Morocco and the Islamists

I was in Casablanca in early 1971 ( following one of the hippy trails of the early seventies) when there was a failed coup and an attempt on King Hassan II's life. This had a rather bizarre consequence for me and my fellow hippies, some of whom were from Pinole in California. But that is another story ; you will have to wait and read my autobiography in twenty years time to find out what happened.

Many Moroccans felt that progress would only come once the monarchy was done away with, at least once Hassan II was eliminated. Hassan II has indeed gone (died 23 July, 1999) after thirty eight long years in power, and his son has taken over, as King Muhammad VI. Even more importantly, the new king is determined to modernize and liberalize his country. But will the ever-threatening bearded fanatics let him ?

Muhammad VI, or as he is known in Morocco, M6 (a reference to the French television station, M6), has already shown that he wants to introduce democratic reforms, and put his father’s authoritarian regime behind him. His first step was to release 8000 prisoners, and appoint a commission to investigate 4000 cases of political injustice and repression, even compensating the victims and their relatives . He is pushing through reforms in education and justice. But the reform that is likely to be the most difficult to put into effect is that of raising the legal and social status of women, because of the opposition of traditional Muslims, and the fundamentalists. The reforms were concerned with improving the rights’ of women in education and employment, but also even more controversially, with raising the minimum age of marriage for a woman from 15 to 18, with outlawing a husband’s repudiation of his wife as an accepted form of divorce, and giving divorced women equal rights to property, and abolishing polygamy.

Polygamy is still allowed but increasingly rare, only 150 authorisations were issued in Rabat and its suburbs in 1999. Repudiation is however increasing. A magistrate explained : «  A husband can always repudiate his wife in front of two court officials, on the grounds that they are temperamentally unsuitable or that the two families-in-law are at loggerheads. The husband doesnot need to justify his act of repudiation, and the court cannot oppose it, though it can delay the process.But some magistrates deal with each case in three minutes, just long enough to decide how much alimony the husband should pay if there are children. ». Islamist groups such as the Justice and Development Party are against the reforms, branding feminists as «  ungodly  », while, surprisingly, another Islamist group, The Justice and Spirituality Association, have agreed that the promotion of women is necessary, «  so long as it is based on our own culture  ».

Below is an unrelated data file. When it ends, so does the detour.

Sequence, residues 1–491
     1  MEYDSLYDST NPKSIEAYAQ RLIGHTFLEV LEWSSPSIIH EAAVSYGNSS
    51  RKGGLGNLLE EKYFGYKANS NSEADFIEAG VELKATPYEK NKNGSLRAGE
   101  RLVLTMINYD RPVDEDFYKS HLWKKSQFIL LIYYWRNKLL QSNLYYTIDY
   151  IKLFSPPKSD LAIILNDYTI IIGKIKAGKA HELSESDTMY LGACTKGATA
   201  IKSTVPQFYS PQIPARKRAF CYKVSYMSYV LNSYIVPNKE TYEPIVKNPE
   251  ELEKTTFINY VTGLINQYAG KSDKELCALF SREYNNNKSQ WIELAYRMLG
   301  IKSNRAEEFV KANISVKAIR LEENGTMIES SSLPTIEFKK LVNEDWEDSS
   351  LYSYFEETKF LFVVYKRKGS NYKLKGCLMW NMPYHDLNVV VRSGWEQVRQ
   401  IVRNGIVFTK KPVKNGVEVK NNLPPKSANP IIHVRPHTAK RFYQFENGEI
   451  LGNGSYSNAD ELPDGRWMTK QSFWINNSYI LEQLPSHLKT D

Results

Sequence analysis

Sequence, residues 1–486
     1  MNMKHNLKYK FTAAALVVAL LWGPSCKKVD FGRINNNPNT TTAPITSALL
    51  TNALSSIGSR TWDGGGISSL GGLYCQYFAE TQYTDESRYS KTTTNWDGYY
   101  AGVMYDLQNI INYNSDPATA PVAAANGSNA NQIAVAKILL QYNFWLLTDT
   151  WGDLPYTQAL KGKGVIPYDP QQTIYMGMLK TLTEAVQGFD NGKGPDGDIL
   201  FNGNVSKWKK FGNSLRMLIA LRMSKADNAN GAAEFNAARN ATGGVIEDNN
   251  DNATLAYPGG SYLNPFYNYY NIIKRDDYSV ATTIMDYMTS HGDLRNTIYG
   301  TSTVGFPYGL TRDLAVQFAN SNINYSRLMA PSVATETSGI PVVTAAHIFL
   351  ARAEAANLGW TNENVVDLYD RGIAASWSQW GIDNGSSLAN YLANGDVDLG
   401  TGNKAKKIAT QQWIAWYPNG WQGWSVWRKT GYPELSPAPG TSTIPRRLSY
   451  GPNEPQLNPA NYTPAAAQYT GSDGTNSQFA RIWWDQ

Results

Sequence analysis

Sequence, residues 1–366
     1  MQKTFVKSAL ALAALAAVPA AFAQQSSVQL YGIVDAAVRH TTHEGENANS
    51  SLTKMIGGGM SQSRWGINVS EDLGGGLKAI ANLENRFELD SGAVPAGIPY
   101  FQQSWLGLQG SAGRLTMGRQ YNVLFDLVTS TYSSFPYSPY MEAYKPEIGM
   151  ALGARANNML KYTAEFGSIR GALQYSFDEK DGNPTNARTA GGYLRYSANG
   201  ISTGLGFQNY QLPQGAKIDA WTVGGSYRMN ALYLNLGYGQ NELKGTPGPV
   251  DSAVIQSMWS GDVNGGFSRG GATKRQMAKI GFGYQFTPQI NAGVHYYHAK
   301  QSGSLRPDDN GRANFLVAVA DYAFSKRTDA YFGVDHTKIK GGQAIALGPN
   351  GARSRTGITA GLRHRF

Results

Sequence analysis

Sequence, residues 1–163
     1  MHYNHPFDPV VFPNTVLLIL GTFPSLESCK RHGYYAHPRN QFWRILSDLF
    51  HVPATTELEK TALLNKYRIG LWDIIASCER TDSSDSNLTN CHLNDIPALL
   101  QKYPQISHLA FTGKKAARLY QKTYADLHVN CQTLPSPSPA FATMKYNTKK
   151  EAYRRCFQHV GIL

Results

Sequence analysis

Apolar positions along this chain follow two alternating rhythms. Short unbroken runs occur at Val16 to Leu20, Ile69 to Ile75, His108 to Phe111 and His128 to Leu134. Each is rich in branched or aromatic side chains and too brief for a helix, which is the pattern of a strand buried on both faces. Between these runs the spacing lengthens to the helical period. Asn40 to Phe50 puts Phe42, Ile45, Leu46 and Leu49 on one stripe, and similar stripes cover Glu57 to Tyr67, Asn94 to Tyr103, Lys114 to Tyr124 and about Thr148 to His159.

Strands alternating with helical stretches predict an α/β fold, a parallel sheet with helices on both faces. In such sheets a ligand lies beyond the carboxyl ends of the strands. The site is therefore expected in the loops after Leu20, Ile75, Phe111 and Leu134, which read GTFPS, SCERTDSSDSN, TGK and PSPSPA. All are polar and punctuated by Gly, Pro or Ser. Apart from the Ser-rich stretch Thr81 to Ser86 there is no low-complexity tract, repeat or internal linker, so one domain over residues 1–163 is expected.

More than 200 000 Muslim fundamentalists took to the streets of Casablanca showing their dispproval of the projects for reform of the status of women. This was a show of force that has sent shivers down the back of most reformers and democratically inclined ordinary citizens. Are we going to witness another slide into violence and civil war à la Algeria ? Will the young King succeed in pushing through the reforms that are essential if the country is to advance ? We can only wait and see, anxious but quietly optimistic.

FACTS ON MOROCCO

Capital : Rabat ( 1.4 million )

  • Population : 27 020 350
  • Life expectancy :65.18
  • Religion : Islam :98.7 %, Christian, 1.1%, Jewish, 0.2%
  • Languages :Arabic, Berber ( 33%) Hassania, French, Spanish
  • Monarchy : King nominates the Prime Minister
  • House of Representatives : 333 members elected by people for 5 years ;
  • House of Counsellors : elected for 9 years.
  • 4 million still live on a dollar a day.
  • Unemployment rate : 20%
  • Illiteracy : 45%

The Moroccan Journal, Le Reporter, confirms what many ( for example, Ernest Gellner ) have argued for years that the extreme religious movements in Morocco have not succeeded in imposing their ideology on the rural world. The countryside refuses the fundamentalist discourse because the rural community has never abandoned the austere but religiously tolerant ( with its cult of saints ) life of their ancestors and thinks that they do not need lectures from dissolute urban fanatics.